The 1890 police census provides more information about the household than a city directory, and is easier to access than NYC voting records. The police census is often used as a substitute for the 1890 Federal census. Unlike prior census years, copies of the 1890 Federal census were not furnished to local county clerks’ offices. In 1921, a fire in the basement of the Commerce Building in Washington, D.C., damaged a bulk of the 1890 census schedules, which were saved in storage until, in 1933, Congress authorized the damaged pages to be destroyed. The 1890 Federal census was the first Federal census to include citizenship status, and featured thirty columns of data, versus the six columns in the 1890 police census.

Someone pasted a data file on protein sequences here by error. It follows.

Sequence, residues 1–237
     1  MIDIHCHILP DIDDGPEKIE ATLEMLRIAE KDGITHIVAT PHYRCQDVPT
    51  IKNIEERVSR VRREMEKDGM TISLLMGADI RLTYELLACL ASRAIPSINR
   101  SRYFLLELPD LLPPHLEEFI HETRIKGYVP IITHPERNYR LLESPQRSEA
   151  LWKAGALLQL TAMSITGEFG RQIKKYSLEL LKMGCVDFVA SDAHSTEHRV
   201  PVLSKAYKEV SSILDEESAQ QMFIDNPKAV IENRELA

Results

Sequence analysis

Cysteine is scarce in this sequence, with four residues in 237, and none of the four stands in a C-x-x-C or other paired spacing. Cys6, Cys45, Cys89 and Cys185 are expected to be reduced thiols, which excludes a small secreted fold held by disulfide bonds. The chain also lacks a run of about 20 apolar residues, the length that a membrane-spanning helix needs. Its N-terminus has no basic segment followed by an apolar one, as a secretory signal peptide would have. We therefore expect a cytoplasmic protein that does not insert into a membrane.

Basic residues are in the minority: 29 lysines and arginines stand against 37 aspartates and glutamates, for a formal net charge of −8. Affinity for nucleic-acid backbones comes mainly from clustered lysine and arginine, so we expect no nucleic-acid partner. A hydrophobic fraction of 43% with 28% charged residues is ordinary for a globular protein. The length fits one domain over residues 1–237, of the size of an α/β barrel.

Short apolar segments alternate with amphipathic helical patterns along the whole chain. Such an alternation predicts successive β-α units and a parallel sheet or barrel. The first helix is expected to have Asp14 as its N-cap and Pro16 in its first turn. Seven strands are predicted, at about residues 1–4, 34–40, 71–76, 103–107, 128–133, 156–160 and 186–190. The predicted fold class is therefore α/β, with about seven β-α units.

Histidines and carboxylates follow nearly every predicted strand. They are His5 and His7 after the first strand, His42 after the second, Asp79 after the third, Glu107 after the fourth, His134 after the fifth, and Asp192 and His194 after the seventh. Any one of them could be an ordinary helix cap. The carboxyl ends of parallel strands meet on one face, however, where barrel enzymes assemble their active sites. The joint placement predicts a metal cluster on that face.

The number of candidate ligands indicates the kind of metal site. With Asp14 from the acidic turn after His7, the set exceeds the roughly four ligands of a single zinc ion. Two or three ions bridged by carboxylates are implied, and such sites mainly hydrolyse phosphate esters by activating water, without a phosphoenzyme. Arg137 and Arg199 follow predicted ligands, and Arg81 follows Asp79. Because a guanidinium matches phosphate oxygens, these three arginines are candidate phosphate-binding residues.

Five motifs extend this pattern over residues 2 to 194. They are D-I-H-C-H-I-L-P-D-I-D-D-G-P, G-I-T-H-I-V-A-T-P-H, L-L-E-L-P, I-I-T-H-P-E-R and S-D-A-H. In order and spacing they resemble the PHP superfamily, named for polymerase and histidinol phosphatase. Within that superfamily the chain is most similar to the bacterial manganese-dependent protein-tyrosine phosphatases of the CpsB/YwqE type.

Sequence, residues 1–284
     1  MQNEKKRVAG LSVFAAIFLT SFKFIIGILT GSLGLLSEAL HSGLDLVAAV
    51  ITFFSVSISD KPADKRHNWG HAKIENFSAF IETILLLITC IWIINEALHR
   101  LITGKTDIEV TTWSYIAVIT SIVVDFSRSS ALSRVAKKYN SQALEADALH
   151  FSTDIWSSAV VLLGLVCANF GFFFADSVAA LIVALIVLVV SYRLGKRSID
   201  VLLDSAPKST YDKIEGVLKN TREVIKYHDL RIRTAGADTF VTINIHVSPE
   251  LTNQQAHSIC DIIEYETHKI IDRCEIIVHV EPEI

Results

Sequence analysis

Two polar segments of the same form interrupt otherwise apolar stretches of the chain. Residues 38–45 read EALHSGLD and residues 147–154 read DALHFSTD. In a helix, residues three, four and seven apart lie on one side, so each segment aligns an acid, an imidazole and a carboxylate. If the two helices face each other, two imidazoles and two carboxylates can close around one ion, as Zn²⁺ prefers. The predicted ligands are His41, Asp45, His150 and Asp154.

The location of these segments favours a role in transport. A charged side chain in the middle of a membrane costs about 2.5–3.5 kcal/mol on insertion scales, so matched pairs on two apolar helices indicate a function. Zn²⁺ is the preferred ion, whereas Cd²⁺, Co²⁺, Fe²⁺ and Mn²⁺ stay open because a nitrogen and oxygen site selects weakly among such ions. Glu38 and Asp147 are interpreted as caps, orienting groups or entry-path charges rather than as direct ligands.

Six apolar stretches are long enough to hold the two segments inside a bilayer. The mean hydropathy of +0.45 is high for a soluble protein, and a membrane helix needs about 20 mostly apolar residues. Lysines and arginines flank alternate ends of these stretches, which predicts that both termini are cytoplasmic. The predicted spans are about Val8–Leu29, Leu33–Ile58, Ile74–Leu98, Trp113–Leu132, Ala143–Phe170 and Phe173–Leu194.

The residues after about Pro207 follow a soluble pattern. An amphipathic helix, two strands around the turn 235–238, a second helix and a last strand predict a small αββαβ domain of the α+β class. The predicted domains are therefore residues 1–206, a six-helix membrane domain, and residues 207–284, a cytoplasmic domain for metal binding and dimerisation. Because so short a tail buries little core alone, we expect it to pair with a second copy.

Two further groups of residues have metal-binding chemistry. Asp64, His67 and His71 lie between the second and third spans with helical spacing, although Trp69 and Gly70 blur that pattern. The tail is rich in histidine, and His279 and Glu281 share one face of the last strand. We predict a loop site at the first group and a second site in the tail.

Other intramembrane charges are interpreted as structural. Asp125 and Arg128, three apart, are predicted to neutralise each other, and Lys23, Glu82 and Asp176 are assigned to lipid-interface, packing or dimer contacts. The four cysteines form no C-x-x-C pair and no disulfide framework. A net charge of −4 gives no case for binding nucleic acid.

The columns of information are:
Having the right AD/ED number points you to the relevant book number and microfilm reel. However, there is no index or table of contents for the reel; you scroll through the reel until finding the appropriate Election District, which are arranged sequentially, though each page is not identified with the corresponding ED or Book number.
The census pages for each ED are bookended by: